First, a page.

Three Ways to Let Go of the Bad Parent Inside of You

Parenting is hard. We all make mistakes. Here are some ideas for how to let go of your inner bad parent.

Alan Atchison May 18, 2018
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“When I’m a parent, I’ll do it the right way!” Many of us have uttered this line in some shape or form, likely due to the flaws we’ve personally experienced in our own upbringings or in response to the poor parenting we’ve witnessed in our friends or in those we see going off on their kids in public places. We reason to ourselves that we’ve observed and mentally processed enough that when our time finally comes to nurture a young life, our parental instincts will kick in so seamlessly that nary an utterance of dissent or complaint will ever be found on the lips of our kids.

Oh, how bitter reality can taste. Not one of us is a perfect parent who does everything the “right way.” We will all make many, many mistakes along the way. Thankfully, as we find ourselves struggling with that “bad parent” inside us—in particular, those of us who’ve adopted—there are a number of key points to keep in mind.

Realize You Might Not Bond with Your Child Right Away

Before adopting my first child, I can’t tell you how many times I heard people gush about how they had an instant soul-connection with their baby the moment after the delivery. I was skeptical, and as my wife and I navigated the adoption process, the few people to whom I confessed my bonding concerns vehemently told me that once I looked into those precious newborn eyes, I’d fall hopelessly in love. And you know what? The moment I gazed into the face of my two-day-old daughter for the very first time—that didn’t happen. Sure, I was grateful and relieved and a whole bunch of other positive emotions, but I didn’t feel an immediate connection with her. What I mostly felt was guilt and confusion. Guilt because my wife and I were being crowned the new parents of a baby that a brave young girl was choosing to surrender to us, causing herself indescribable pain. Confusion because…well, wasn’t I supposed to feel that right-away connection everyone was talking about? It took a couple of months before I truly felt like the child I was caring for every moment of every day was my little girl. At that point, I did end up falling hopelessly in love the way people told me I would. Thankfully, I kept this in mind when we adopted our second child and didn’t guilt myself during those introductory months.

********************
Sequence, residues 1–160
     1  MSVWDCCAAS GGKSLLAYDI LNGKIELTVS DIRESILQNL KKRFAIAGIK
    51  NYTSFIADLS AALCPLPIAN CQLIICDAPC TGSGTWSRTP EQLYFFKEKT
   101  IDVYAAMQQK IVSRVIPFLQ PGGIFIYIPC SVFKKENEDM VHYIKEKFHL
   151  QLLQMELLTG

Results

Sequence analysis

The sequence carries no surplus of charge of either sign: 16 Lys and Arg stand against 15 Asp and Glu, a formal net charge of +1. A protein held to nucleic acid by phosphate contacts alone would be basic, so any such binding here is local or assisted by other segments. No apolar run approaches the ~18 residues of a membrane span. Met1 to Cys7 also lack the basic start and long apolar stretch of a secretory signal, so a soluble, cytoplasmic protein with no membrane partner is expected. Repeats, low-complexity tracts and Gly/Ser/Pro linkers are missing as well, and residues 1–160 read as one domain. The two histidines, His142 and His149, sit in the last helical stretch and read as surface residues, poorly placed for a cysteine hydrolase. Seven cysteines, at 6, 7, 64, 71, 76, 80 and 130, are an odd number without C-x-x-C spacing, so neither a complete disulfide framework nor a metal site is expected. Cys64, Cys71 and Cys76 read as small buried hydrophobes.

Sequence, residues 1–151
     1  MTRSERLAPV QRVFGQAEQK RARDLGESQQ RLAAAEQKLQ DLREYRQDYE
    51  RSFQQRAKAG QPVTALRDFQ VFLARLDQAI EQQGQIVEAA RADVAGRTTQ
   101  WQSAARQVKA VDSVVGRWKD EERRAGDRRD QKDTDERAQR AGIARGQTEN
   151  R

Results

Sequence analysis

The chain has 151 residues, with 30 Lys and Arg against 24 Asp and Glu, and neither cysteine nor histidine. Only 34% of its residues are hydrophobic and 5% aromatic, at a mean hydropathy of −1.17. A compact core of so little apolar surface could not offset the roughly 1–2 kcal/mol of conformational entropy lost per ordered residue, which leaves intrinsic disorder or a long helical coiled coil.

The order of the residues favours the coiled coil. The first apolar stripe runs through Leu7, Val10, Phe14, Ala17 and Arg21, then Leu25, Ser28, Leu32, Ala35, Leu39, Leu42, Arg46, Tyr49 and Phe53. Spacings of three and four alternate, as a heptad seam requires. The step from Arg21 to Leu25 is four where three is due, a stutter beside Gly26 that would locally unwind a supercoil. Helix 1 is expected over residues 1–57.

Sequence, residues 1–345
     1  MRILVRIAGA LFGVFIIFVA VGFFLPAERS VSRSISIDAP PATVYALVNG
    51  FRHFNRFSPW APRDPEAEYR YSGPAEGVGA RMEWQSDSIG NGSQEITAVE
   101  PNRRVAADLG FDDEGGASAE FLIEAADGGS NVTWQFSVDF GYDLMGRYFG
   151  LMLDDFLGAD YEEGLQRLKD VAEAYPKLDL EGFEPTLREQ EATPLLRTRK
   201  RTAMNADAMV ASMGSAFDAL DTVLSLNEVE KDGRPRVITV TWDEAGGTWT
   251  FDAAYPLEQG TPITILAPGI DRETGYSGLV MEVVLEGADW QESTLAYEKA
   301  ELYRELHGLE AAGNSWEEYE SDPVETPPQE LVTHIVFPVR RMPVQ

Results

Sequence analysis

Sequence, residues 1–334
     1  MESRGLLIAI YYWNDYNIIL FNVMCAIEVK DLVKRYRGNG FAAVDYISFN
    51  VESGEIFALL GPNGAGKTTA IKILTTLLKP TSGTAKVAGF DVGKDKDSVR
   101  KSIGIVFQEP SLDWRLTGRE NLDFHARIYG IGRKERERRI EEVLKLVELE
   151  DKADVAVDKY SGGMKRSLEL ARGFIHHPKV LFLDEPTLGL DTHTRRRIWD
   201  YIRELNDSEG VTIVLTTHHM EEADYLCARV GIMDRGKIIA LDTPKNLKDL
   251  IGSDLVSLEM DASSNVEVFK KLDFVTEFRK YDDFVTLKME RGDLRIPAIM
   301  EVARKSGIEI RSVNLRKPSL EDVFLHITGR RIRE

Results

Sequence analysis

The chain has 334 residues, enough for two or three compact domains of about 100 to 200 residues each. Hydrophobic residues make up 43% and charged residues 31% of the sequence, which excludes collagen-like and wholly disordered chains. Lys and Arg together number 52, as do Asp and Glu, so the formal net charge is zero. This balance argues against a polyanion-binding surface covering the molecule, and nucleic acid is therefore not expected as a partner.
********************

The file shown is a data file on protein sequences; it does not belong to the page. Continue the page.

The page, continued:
Recognize That Post-Adoption Depression is a Real Thing

Along with initial bonding issues, many adoptive parents feel depressed after bringing their son or daughter home for the first time. It seems almost counter-intuitive—after all, you’ve navigated the adoption process, been matched, and have finally been placed with your little bundle. Shouldn’t it be all warm fuzzies from here on out? Well, not necessarily. Just as many people experience postpartum depression, it’s not uncommon for adoptive parents to experience a deep sense of sadness or despair after placement. It can cause a tremendous amount of stress when your brain seems to be telling you that you should feel excited and grateful, but instead feel the exact opposite. The most important thing to remember is that this is normal. And just as counseling and psychiatric services are available to parents who’ve just had children biologically, it’s vital to your own mental health, as well that of your children, that you seek the advice and/or treatment of wise professionals.

Avoid Letting Fear Drive Your Relationship With Your Child

As your children mature and begin to process their place in the world, their interest in their birth family may grow and intensify. Some kids may desire to know more details about why they were placed and/or may want more direct contact with people to whom they share biological ties. Some adoptive parents encourage this curiosity in their kids, while others hurl criticisms and guilt trips centered around why they (the adoptive parents) aren’t good enough. I’d highly encourage you to steer away from the latter. It does your children, nor your relationship with them, no good whatsoever to cast blame for simply wanting to understand more about where they came from. Allowing them to do so will not harm your relationship. If anything, it will serve to strengthen it. While your feelings of inadequacy are natural and not inherently wrong, take them to the ears of a trusted counselor or friend. Your children deserve to know everything they wish to know about their origin story, and when they ask you questions, you are doing no less than being their faithful parent by helping to provide the answers.

 

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Alan Atchison

 Alan Atchison is a Senior Publications Editor at the University of Pennsylvania, where he also earned a Masters of Liberal Arts in Creative Writing. In addition to his day job, he writes fiction and is currently pursuing publication. He is a strong advocate for open adoption and is an outgoing introvert, which means he'll be the life of the party if necessary, but would rather be home with a book. He lives in Philadelphia, PA, with his wife and two daughters. Follow him on Twitter and Instagram.


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